Well guess who was given “The Complete Field Guide to Stick and Leaf Insects of Australia” by Paul D Brock and Jack W Hasenpusch? Its a wonderful book that we’ve both been enjoying; we’re also having lots of fun finding and trying to identify stick insects…so here’s hoping we’ve got the ID right on this one!
The first photo is a female Strong Stick-insect (Anchiale briareus) that I found in a Callistemon. I was walking past with my secateurs and decided that the bush needed a tip prune to prevent it becoming leggy – and there she was, beautifully camouflaged as part of the branch. Continue reading
Nectarinia jugularis was commonly known as Yellow-bellied Sunbird but now is referred to as Olive-backed Sunbird…….however, my friend Joanna refers to them as ‘Sunnybirds’ which I think is wonderfully descriptive.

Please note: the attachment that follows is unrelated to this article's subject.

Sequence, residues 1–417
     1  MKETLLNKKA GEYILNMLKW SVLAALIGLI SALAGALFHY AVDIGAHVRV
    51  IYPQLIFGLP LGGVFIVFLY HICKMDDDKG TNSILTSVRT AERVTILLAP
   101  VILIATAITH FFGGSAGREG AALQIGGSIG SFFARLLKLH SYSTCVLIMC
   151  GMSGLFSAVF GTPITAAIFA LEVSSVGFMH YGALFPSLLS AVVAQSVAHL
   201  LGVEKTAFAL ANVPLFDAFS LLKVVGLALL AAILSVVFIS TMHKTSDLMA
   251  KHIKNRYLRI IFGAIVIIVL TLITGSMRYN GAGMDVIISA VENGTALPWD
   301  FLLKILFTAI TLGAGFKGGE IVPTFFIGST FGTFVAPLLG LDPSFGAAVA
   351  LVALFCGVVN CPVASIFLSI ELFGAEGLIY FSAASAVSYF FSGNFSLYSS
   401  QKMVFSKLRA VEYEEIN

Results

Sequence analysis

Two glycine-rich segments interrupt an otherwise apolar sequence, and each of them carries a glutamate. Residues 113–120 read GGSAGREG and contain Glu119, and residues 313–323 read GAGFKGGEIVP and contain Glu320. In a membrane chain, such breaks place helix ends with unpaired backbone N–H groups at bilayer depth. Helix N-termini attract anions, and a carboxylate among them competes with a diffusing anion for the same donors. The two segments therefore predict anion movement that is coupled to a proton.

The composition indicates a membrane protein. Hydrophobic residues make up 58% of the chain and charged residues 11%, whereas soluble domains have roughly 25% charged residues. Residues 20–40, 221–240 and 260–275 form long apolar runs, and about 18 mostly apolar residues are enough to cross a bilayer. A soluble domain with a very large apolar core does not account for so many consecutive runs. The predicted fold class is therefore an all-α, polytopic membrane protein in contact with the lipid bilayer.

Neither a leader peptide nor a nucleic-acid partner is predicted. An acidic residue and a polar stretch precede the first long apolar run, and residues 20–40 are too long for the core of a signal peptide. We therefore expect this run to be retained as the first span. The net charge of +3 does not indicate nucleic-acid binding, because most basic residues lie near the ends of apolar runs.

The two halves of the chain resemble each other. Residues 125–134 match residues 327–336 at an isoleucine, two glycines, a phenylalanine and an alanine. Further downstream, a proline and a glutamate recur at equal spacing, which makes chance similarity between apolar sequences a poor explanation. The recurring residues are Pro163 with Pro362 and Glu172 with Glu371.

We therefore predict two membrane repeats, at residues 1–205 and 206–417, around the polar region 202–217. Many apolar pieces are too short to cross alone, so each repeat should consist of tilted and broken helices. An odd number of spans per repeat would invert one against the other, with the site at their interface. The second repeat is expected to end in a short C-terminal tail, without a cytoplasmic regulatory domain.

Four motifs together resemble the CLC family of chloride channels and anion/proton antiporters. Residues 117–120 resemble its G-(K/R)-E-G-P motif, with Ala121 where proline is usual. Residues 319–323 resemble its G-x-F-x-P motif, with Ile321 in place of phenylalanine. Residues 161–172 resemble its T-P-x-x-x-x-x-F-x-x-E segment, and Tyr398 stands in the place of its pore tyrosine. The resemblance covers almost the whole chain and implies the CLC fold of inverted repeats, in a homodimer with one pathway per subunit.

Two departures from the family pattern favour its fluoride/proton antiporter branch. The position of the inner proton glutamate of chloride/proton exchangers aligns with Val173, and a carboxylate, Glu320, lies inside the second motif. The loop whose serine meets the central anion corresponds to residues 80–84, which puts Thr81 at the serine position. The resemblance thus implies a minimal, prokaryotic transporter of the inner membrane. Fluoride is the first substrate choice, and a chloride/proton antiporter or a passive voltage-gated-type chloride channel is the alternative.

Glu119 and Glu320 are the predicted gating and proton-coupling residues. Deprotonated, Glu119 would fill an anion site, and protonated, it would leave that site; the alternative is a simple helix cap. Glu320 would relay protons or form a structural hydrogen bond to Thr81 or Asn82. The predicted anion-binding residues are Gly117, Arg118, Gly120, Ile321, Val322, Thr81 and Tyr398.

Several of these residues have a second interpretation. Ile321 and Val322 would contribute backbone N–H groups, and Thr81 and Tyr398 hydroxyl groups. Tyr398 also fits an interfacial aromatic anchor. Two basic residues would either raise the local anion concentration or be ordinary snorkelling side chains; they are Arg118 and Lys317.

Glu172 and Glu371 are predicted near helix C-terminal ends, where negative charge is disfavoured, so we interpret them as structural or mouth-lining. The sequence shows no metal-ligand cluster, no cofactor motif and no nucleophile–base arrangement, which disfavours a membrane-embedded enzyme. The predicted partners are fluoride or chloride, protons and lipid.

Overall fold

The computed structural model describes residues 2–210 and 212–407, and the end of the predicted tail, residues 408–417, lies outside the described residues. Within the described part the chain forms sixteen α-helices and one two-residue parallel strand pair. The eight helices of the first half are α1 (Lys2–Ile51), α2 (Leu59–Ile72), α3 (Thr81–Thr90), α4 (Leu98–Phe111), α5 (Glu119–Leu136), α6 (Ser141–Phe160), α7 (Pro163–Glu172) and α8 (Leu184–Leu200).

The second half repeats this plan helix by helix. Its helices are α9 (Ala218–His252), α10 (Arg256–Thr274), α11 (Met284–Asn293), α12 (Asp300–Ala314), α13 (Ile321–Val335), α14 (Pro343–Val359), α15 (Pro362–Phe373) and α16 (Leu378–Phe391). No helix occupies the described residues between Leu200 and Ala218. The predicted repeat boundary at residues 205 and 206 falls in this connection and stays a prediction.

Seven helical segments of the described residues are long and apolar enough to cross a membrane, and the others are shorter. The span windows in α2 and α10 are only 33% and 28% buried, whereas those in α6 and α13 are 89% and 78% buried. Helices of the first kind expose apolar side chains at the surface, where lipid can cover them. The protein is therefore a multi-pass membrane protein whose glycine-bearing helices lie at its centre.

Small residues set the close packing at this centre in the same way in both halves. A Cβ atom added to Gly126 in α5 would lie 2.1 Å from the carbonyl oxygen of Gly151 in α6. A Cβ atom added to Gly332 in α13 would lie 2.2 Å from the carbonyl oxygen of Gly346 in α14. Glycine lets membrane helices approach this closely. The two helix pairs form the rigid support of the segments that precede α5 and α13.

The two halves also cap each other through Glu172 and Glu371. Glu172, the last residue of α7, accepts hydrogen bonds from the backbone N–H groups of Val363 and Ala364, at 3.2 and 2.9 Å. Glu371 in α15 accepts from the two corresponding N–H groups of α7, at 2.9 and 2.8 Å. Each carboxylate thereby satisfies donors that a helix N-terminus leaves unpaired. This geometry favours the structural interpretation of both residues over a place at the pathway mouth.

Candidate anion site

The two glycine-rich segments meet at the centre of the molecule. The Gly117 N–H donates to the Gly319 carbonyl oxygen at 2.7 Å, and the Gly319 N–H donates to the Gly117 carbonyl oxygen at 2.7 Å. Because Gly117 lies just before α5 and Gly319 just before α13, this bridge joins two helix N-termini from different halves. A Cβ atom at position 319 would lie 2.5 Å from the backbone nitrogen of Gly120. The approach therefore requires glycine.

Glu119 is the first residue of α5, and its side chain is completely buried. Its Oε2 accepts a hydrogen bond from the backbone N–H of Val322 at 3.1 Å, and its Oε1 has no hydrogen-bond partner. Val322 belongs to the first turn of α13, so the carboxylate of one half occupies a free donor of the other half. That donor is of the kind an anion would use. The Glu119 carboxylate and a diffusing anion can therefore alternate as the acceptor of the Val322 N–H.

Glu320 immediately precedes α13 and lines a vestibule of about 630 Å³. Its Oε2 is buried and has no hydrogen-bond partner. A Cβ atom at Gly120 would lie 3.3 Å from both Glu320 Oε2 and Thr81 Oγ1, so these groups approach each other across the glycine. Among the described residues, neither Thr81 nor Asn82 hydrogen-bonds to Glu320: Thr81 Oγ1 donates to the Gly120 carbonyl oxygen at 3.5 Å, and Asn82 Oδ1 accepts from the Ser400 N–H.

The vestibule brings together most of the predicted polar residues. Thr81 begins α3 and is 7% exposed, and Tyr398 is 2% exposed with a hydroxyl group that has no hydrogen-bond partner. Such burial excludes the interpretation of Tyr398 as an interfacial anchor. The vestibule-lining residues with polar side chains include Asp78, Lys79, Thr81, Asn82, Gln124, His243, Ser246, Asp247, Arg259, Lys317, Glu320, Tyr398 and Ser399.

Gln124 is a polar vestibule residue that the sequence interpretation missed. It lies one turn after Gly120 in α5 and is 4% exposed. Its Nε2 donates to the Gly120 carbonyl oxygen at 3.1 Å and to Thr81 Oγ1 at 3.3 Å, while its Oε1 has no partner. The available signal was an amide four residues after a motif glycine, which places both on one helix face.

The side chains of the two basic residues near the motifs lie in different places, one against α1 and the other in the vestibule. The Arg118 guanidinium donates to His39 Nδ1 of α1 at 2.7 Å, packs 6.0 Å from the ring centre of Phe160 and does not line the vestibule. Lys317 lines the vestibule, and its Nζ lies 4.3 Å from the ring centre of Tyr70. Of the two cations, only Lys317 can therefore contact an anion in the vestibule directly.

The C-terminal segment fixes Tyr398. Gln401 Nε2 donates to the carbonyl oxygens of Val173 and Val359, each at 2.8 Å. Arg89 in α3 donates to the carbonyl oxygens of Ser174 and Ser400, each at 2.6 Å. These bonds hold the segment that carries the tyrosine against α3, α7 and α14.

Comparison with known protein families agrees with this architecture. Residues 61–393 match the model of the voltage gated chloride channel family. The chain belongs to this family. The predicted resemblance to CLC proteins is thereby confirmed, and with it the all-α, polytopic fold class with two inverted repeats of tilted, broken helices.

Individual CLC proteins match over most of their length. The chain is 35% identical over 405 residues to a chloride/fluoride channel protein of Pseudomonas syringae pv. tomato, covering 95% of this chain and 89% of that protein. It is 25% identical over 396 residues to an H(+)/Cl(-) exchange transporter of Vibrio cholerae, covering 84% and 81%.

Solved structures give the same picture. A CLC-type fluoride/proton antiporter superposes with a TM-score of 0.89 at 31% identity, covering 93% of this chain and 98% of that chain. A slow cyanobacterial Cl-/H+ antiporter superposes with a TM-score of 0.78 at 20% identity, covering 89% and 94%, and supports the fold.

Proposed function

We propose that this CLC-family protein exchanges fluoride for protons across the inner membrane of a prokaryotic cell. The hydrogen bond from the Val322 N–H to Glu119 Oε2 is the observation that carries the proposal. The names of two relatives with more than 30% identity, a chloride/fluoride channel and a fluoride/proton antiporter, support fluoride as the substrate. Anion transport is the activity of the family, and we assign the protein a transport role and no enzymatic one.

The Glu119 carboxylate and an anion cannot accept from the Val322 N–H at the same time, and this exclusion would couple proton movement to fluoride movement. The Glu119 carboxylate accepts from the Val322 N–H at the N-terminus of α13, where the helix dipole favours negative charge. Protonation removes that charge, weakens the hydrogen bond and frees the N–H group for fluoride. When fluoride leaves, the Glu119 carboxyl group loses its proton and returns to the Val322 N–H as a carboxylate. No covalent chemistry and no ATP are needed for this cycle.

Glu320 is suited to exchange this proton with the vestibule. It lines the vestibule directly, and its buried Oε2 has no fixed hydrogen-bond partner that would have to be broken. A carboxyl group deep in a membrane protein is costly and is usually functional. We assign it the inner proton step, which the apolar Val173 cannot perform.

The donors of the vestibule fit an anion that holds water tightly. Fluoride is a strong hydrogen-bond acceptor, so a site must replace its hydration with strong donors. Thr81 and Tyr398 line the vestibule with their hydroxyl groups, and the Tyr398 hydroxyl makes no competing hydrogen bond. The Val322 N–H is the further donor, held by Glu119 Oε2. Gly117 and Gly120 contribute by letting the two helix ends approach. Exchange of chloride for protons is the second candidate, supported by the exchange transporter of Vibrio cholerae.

This female was enjoying the plentiful nectar available in the flowers of Xanthostemon verticillatus – Bloomfield Penda. Continue reading
Setting the scene with this photo you will have to use your imagination to picture the canoe (slightly muddy from previous weeding excursions) with occupant paddling slowly through the water lilies on a beautiful sunny afternoon. The same morning I had spent some time on the ponds checking for and removing some weeds and Continue reading
Male Little Bronze-Cuckoo (Chalcites minutillus)was trying to get himself a feed while being harassed by other insect eating birds, in particular a persistent Rufous Fantail. The caterpillar attracting so much attention was the distinctive larva of a particularly bright day-flying Moth (Dysphania numana) which is often seen in the late afternoon and is known by the common name of Four O’clock Moth. Continue reading